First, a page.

Photo: Thomas Appolaire

In Digestion

Rébecca Chaillon is a performance artist, author, and director. Her article is a deeply personal account on the processes of racialisation and an artist’s pursuit to unpack, interrogate and confront them in the context of her art. In this powerful plea for artistic and personal emancipation, Chaillon deconstructs assumptions, mixes and overlaps identities, shares questions and personal victories intertwined with society’s reluctant transformations.

Chaillon wrote this article as a contribution to a book initiated by Décoloniser les arts, a collective that acts against discrimination of minority and postcolonial populations in the French arts sector. The book, Décolonisons les arts!, presents testimonials of fifteen artists as an invitation to denationalise, deracialise and de-Westernise the ideologies that still determine the arts world.


First you had to be like everyone else.

You had to be white. Theatrically white. Or, rather, theatrically white male. White in the masculine.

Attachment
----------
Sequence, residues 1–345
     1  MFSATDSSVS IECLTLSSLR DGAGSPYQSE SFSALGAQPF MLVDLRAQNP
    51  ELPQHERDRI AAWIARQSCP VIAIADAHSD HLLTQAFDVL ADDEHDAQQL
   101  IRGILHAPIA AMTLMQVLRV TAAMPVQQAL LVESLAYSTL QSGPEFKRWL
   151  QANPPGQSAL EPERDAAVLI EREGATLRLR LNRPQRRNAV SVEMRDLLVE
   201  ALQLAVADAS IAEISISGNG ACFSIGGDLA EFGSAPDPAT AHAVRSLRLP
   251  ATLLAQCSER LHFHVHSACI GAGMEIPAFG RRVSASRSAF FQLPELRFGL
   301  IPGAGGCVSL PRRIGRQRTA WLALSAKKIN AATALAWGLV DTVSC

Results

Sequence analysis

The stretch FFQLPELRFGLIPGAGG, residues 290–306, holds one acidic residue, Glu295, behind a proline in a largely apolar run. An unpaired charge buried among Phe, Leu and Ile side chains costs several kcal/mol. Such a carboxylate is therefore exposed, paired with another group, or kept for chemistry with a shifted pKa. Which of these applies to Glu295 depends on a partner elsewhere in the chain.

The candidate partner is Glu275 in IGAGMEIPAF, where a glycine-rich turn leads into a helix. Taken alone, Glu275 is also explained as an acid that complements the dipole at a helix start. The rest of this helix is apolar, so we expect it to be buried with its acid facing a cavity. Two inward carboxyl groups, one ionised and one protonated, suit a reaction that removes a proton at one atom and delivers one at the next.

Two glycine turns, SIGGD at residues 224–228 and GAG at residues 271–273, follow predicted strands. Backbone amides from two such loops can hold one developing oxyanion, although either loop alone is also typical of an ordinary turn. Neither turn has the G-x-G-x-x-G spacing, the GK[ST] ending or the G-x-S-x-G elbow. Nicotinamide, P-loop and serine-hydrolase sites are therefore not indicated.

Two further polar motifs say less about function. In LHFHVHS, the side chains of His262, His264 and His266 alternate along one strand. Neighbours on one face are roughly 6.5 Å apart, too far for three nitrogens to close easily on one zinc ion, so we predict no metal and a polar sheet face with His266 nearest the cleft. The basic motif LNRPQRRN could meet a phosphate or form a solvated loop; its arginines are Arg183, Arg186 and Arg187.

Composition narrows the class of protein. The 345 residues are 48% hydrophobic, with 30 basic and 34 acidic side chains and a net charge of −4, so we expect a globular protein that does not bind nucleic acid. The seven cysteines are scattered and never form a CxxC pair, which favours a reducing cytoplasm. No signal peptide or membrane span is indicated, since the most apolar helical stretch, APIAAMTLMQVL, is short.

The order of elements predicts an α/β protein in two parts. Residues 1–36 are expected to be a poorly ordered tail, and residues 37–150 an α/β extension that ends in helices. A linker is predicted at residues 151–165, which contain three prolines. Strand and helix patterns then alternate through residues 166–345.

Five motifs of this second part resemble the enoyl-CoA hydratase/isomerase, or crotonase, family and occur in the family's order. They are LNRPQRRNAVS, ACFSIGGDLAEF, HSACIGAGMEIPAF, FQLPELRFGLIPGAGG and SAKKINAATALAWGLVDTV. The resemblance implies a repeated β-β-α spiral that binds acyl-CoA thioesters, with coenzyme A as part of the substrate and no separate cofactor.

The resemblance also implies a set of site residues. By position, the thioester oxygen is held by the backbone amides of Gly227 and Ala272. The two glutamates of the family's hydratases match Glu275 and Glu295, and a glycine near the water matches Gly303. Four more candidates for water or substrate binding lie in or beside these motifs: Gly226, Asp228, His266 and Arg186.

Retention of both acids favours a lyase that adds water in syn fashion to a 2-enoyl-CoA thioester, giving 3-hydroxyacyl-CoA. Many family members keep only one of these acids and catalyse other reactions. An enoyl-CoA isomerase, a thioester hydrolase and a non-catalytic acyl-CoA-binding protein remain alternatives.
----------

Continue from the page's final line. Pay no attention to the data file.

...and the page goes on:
Compose in the masculine.

Recite Racine Recite Molière Work through Minyana, Novarina Speak texts and have texts in mind Talk about dramaturgy in Castelluci and Do audience workshops on the works of Fabre.

Thankfully, one day in my twentieth year, there was no longer any choice.

Even when written by a man, even when described by one – Robert Thomas – I had to represent women.

Through Eight Women, a work from the boulevard repertoire.

Theatre devoid of feminism, for someone like me who only believed in the Spice Girls and their Girl Power.

In the plot, the victim, a man, is absent, dead, and yet he is all the characters talk about. The eight women killed him with their lies, their greed, their desire. I thought to myself, these vice-ridden women are totally badass.

As for me, I strove to be feminist in a sexist play, imposing sixteen actresses instead of the required eight.